- 1 Brief statement of principle
- 2 Description of principle
- 3 Experimental support
- 4 Theoretical rationale
- 5 Conditions of application
- 6 Caveats, limitations, open issues, or dissenting views
- 7 Variations (descendants)
- 8 Generalizations (ascendants)
- 9 References
Brief statement of principle
Features of an instructional component that are designed to match up with students' personal interests, experiences, or typical patterns of language use increase robust learning by increasing student motivation.
sense similar to Clark & Mayer, 2003
Presenting language (text or speech) to the student using first- and second-person pronouns, as well as polite and informal language.
sense similar to Cordova & Lepper, 1996
Tailoring instructional content to match the learner's personal interests or preferences.
Description of principle
Instructional tasks are often presented in ways that do not connect with the experiences and interests of individual students. Instructional programs, and specific tasks in those programs, are typically developed to work with large groups of students. Instruction can be provided on and individual bases according to domain factors such as connections to particular knowledge components, but differentiation with respect to motivational factors is less common.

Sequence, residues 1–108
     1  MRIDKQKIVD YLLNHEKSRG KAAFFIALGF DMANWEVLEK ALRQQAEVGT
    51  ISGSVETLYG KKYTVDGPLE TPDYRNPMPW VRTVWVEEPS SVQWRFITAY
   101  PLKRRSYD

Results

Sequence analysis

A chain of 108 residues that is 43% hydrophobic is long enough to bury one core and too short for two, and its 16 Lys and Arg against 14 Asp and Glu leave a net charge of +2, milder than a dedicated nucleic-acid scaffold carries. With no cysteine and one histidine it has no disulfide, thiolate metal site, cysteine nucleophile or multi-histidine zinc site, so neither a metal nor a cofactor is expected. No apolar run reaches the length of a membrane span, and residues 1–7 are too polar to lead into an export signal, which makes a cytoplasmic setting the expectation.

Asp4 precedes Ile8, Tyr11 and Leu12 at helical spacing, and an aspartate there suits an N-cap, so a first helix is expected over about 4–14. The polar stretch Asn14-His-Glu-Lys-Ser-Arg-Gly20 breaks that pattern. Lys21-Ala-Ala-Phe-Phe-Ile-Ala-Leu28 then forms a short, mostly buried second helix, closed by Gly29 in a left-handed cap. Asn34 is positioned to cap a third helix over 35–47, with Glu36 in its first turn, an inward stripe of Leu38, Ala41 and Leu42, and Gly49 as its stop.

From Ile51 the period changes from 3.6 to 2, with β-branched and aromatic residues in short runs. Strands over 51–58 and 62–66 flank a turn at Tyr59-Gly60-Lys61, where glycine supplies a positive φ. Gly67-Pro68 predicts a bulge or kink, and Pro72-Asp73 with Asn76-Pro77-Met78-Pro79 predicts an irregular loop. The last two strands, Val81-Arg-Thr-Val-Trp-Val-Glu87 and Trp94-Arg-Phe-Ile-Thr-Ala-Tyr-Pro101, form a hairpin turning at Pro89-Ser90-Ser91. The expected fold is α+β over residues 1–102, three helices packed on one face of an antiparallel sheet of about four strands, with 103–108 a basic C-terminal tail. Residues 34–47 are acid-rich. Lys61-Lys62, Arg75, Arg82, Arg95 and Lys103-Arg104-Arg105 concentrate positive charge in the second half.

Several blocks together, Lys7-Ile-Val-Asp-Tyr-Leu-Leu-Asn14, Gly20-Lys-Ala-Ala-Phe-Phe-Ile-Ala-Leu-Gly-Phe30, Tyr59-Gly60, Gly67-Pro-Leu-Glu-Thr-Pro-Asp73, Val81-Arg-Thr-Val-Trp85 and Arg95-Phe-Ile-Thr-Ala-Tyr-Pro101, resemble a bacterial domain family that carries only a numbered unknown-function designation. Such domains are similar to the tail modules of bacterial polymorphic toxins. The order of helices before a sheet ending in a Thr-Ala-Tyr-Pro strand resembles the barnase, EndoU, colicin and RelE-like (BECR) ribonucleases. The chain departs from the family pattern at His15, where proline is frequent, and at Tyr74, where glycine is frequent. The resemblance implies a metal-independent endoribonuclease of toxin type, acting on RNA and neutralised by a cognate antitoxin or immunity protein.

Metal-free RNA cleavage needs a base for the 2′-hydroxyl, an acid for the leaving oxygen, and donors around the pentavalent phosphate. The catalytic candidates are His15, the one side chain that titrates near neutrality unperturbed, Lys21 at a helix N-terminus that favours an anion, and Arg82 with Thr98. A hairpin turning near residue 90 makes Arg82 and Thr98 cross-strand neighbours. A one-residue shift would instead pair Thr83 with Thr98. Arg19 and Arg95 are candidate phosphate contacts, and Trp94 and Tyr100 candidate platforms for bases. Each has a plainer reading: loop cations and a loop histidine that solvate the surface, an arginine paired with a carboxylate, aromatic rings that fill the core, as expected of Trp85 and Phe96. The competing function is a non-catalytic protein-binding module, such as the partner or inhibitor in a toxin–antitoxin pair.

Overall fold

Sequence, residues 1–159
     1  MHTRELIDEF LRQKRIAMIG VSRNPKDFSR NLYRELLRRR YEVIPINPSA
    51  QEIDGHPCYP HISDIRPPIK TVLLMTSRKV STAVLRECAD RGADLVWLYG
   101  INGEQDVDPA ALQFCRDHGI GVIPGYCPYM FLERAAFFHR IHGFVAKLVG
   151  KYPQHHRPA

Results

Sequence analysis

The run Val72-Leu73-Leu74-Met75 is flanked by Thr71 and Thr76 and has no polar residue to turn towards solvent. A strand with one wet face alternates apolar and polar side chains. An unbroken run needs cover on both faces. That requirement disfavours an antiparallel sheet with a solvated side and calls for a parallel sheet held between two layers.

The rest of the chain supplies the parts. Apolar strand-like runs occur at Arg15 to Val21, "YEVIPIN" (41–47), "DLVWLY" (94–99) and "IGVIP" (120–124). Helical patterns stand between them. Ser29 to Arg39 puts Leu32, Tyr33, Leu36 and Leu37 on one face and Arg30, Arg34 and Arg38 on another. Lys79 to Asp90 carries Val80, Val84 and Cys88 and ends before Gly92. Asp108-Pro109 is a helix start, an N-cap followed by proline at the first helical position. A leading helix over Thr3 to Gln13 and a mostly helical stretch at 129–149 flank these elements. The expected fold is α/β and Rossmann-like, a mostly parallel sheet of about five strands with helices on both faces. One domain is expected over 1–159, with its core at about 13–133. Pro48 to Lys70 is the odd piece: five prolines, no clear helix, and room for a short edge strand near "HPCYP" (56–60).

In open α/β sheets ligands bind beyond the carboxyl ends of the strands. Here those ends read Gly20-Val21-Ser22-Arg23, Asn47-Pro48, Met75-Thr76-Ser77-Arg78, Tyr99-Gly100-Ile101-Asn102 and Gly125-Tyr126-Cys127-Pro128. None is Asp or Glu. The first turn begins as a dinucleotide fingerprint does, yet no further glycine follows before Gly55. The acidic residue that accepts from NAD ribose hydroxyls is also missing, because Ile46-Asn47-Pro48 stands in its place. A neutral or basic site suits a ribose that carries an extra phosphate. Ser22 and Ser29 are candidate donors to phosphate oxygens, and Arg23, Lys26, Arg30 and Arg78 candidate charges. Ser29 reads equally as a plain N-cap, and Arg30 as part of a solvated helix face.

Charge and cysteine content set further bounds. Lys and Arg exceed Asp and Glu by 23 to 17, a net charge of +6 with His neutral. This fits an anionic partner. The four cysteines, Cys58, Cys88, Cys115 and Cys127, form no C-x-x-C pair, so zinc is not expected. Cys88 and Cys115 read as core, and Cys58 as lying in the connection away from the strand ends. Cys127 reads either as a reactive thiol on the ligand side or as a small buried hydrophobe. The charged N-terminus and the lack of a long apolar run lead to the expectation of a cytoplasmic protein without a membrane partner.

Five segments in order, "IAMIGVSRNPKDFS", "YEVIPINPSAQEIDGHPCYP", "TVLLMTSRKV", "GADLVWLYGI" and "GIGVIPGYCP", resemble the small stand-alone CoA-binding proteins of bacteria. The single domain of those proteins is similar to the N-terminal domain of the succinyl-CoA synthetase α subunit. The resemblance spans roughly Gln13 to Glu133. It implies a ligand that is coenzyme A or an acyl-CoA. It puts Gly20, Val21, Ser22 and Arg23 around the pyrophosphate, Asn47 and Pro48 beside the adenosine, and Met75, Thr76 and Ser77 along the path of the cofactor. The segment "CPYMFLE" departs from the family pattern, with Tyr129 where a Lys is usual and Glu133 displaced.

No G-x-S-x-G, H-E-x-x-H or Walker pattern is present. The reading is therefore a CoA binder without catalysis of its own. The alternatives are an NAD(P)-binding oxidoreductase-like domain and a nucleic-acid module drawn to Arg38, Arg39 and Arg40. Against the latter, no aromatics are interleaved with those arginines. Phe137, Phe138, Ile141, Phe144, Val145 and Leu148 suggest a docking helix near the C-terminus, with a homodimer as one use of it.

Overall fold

Personalization is a process by which features of an instructional component are designed to match up with students' personal interests, experiences, or typical patterns of language use in order to increase robust learning through increased motivation.
Trade-offs must be considered because personalization may alter instruction in such a way that interferes with other principles, such as by reducing the amount of practice or distracting the student with interesting but irrelevant material.
Laboratory experiment support
In vivo experiment support
Conditions of application
Caveats, limitations, open issues, or dissenting views
Cordova, D. I. & Lepper, M. R. (1996). Intrinsic Motivation and the Process of Learning: Beneficial Effects of Contextualization, Personalization, and Choice. Journal of Educational Psychology. Vol. 88,l No. 4, 715-730.
Clark, R. C. and Mayer, R. E. (2003). e-Learning and the Science of Instruction. Jossey-Bass/Pfeiffer.